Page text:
Really, what would you do????

dwtoast72

New member
I'm stuck in a rut called the Army. Been stationed in Germany for the past 3.5 years, been deployed, in the field, in Kosovo now. My place is on the stage, damnit!!!!! I've only had the priviledge of playing in one band (unfortunately a coverband) for about 5 months and nothing since... German's won't want me playin withem' cause of my unpredictable schedule... What would you do in my situation???????????
 

Timekeep69

New member
I was in a similar situation once. I was in the Navy during the first Persian Gulf war. Being a musician in the military is hard , especially if you're in a deploying command. How long until your EAOS? Are you planning on getting out or re-upping? I did the occasional jams while I was in but couldn't do anything serious until I got out.
 

drumshark

New member
This probly wont help, but my old band teacher was elisted in Vietnam, but he played a few instruments (mainly sax) and because of that he got to be the militaries band and didnt have to fight.
 

drumsforlife

New member
A lot of the branches of our military have concert bands or jazz bands representing them, but just because you're a military musician doesn't mean the gov't wouldn't need you to deploy. They send you where they need you, regardless of you being in the band or not. My dad was in the Navy, and he said they give you a choice what you want to do, but it rarely happens. My dad was from GA, so he put to be stationed in Warner Robins, or Dobbins in ATL. Where did they send him? Montana. Then England. Then finally Dobbins in ATL. What does this have to do with anything? Don't know. But I do know something that's happened to me twice now. Two years in a row I've gotten tickets to go see our fine service musicians in concert, and on both occasions the unit was deployed the day before the concert. Needless to say I decided not to stay and see their replacements. Usually they get high school concert bands to fill in. Somehow, I don't see a high school band comparing to the US Marines Ground Forces Band, or the Navy Jazz Band, or something of the like. I once thought of joining the Navy to become a member of the band, but I had a mental disorder that required medication at the time, and the recruiter advised that I seriously think about it. So I didn't sign up, and haven't looked back since. My whole attitude is this: I support our troops. They put their lives on the line, everyday. They spend ungodly amounts of time away from their loved ones. I think that our servicemen and women should be paid more. There's no reason athletes who, at the most could end up with a broken limb, and in extreme cases, their neck, should be getting paid more than those who go to work in the morning not knowing if they'll return or not. That being said, on the flipside of things, I'm tired of hearing that our troops are fighting for OUR freedom. It's a lie plain and simple.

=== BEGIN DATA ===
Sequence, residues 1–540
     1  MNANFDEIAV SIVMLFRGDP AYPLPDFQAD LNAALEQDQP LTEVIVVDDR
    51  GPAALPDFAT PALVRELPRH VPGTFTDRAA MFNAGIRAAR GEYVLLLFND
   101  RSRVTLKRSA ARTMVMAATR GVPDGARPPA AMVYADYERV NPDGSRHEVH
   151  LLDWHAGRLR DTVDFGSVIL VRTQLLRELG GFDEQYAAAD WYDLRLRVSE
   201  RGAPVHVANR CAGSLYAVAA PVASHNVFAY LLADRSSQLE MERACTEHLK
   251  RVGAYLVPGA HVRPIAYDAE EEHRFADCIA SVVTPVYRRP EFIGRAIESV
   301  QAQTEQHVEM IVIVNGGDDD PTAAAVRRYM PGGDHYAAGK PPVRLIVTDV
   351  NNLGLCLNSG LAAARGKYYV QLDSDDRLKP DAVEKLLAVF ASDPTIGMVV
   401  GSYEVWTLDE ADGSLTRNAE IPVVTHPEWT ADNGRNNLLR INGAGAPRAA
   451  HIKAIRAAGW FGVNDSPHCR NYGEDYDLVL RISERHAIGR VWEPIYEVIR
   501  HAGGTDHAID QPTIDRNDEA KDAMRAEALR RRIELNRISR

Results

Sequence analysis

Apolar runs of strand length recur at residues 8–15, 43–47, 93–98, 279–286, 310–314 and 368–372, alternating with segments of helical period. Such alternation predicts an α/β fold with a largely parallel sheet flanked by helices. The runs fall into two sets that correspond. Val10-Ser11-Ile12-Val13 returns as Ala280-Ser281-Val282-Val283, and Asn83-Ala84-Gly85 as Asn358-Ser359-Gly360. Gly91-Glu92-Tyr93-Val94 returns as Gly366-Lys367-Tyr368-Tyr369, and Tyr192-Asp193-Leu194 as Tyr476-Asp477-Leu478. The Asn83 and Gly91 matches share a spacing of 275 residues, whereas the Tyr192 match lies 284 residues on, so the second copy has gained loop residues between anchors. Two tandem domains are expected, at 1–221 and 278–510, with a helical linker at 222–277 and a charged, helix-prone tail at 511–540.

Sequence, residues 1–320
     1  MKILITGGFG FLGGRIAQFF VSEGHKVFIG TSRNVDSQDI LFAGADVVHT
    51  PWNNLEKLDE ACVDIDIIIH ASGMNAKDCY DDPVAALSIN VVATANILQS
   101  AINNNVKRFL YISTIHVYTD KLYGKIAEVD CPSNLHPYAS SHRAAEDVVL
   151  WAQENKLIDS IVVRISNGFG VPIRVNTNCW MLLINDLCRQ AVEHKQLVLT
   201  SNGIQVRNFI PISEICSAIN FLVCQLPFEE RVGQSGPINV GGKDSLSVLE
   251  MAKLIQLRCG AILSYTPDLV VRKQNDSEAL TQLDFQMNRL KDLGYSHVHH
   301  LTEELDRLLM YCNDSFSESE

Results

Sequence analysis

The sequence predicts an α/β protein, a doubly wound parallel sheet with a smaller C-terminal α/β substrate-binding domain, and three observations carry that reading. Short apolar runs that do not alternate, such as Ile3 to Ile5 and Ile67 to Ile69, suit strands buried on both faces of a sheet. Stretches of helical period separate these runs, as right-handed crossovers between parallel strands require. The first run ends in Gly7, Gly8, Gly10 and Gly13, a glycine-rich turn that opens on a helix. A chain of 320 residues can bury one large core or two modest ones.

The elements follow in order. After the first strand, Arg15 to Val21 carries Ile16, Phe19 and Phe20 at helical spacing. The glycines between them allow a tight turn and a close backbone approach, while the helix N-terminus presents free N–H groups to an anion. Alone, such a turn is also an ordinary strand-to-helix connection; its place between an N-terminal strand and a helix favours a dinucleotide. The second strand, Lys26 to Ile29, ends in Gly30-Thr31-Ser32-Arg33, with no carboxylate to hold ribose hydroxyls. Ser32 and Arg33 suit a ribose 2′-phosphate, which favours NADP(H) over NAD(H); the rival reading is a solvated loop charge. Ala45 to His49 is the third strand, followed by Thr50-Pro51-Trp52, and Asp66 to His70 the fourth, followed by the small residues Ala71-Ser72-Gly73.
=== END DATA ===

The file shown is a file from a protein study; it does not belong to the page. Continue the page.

Didn't mean to jump on a soapbox, so take it easy on me?
 

Timekeep69

New member
You typically need to re-enlist to join any military band. I put in to audition for the Navy Band rate but they wanted me to re-up so I din't bother with it.
 

dwtoast72

New member
I'm tired of hearing that our troops are fighting for OUR freedom. It's a lie plain and simple. Didn't mean to jump on a soapbox said:
I think you need to better explain this statement. You said you support the troops, then you said what I quoted......
 

dwtoast72

New member
Timekeep69":30uajqs5 said:
You typically need to re-enlist to join any military band. I put in to audition for the Navy Band rate but they wanted me to re-up so I din't bother with it.
not re-enlisting!! period!! I'm workin on my 3rd desert deployment next summer!! # deployments in 1 enlistment period is abit much
 

SGarrett

New member
dwtoast72":1q61jrbq said:
I think you need to better explain this statement. You said you support the troops, then you said what I quoted......
I think he means that we aren't currently fighting for American freedom in Iraq, we're fighting for Iraqis to have the lazy way out of winning their own independence. The real problem is still Osama. But this is a drum forum, not a political one so lets leave those opinions at the door.
 

dwtoast72

New member
SGarrett":3f83sdso said:
dwtoast72":3f83sdso said:
I think you need to better explain this statement. You said you support the troops, then you said what I quoted......
I think he means that we aren't currently fighting for American freedom in Iraq, we're fighting for Iraqis to have the lazy way out of winning their own independence. The real problem is still Osama. But this is a drum forum, not a political one so lets leave those opinions at the door.